That is why we do not act immediately. Instantaneous response would end the feeling of being offended, but would cost us a change of life. So we stall, instead. And this is really insidious; because what we are trying to do is to cultivate indifference in matters that God has decreed we shall not be indifferent — that is, our relationship to him through Christ.

God help us.

Me First

Me first.

Because I know this is how it works in my life. I feel the offense of the claim of God on my life, and I damp it down and wait. My dark heart will never suffice to put the offense entirely to sleep, but it can subdue its worst pangs and make it possible for me to carry on as I am.

The cure for this? Faith. Not passive faith, mere belief in the truth of propositions I have no intention of enacting, but active, instant obedience in faith. And why don’t I grow as much as a Christian as I should? Because I’m not instant and thorough in obedience. I drag my sorry feet through the Christian life, trying to avoid the offensive claim of Christ to every aspect of my being … stinting … holding back, being less than I ought to be, less than I am called to be, less than I was saved to be.

I need a prayer, each and every day. It needs to go something like this.

“Lord God, you have called me to the stumbling stone of Christ. And my own sinful feet will trip at him — at his person, and at his claims on my life — for that is my nature.

By your salvation, please help me to lift my feet higher, instantly, and to obey fully instead of stumbling. I resolve in my heart to respond, if you will grant me the grace to do it. My life is not my own, nor my possessions, nor my time, nor my family, nor the patterns of my life.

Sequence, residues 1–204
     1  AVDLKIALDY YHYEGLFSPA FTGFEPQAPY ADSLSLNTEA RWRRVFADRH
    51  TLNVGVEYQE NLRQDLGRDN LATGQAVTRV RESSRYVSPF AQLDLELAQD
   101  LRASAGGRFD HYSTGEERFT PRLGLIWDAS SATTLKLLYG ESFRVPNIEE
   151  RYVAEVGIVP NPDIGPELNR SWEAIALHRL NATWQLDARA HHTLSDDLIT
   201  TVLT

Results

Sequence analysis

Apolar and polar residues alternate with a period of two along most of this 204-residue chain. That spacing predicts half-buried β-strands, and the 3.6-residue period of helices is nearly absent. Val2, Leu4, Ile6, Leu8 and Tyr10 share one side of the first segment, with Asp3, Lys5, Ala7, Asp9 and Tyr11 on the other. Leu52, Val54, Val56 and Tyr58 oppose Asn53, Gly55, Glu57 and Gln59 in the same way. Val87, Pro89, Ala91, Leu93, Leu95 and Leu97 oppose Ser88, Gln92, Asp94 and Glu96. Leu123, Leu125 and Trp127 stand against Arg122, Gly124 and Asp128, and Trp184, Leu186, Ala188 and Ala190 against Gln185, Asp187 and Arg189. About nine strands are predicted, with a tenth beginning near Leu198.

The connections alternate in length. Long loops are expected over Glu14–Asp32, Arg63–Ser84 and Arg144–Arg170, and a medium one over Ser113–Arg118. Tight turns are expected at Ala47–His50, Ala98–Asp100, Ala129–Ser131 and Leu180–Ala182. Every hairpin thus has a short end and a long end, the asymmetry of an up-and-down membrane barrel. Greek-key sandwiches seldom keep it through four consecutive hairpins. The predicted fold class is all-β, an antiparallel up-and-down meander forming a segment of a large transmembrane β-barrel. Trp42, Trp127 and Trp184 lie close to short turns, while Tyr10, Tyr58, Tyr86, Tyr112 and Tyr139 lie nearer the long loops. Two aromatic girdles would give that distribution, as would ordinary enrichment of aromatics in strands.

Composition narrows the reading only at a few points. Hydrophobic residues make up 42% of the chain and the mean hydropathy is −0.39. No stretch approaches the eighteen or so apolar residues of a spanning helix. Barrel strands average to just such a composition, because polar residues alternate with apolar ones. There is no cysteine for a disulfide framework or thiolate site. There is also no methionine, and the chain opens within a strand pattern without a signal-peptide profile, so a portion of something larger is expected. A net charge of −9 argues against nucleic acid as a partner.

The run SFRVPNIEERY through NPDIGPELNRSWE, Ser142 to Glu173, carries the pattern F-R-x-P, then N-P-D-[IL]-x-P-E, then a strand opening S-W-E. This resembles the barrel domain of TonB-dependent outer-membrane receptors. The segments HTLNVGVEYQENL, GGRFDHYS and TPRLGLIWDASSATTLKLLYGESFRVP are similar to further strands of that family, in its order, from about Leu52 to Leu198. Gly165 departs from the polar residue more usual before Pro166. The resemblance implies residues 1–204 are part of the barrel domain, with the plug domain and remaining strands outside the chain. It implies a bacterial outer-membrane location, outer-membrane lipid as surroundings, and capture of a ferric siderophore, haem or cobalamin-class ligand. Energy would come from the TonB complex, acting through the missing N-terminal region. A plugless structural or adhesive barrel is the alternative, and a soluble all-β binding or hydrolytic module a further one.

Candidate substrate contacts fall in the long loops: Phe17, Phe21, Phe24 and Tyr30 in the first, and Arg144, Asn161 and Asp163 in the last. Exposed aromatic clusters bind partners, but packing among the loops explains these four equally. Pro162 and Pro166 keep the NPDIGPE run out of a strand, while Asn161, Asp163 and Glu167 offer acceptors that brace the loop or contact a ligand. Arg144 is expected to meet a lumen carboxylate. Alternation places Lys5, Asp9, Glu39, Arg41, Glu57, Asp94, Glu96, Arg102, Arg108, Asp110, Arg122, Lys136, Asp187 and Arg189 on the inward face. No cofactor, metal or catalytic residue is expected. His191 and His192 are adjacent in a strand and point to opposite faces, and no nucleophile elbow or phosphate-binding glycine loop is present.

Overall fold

The real story of my life is not about me, but about your holy Son, and what glorifies him. By your saving power, make me able to obey, and to do so immediately, no matter what you ask of me; and let me not abide in offense.”


1 comment :

  1. Tend to disagree somewhat with your conclusions here. The right response here is to ask "what just happened to your freedom?" All you mentioned is worth something only within the context of being free, having the ability and freedom to choose. What you are describing here, in my opinion, is to ask God to curtail that freedom to make you the better Christian. I don't think he intends to do that for us. I mean of course that that freedom is tempered by your intellect and good intentions and your choice of your character, who you want to be in this life, and in your relationship to God. I disagree that God is offended by you exercising what he gave you as long as that is not abused. Nor that he is surprised by the difficulty people will have dealing with his reality, "being offended", given the realities and limitations of existence of this physical creation. After all, if you will, it is all built in and for reasons that we are not completely familiar with and are not privy to.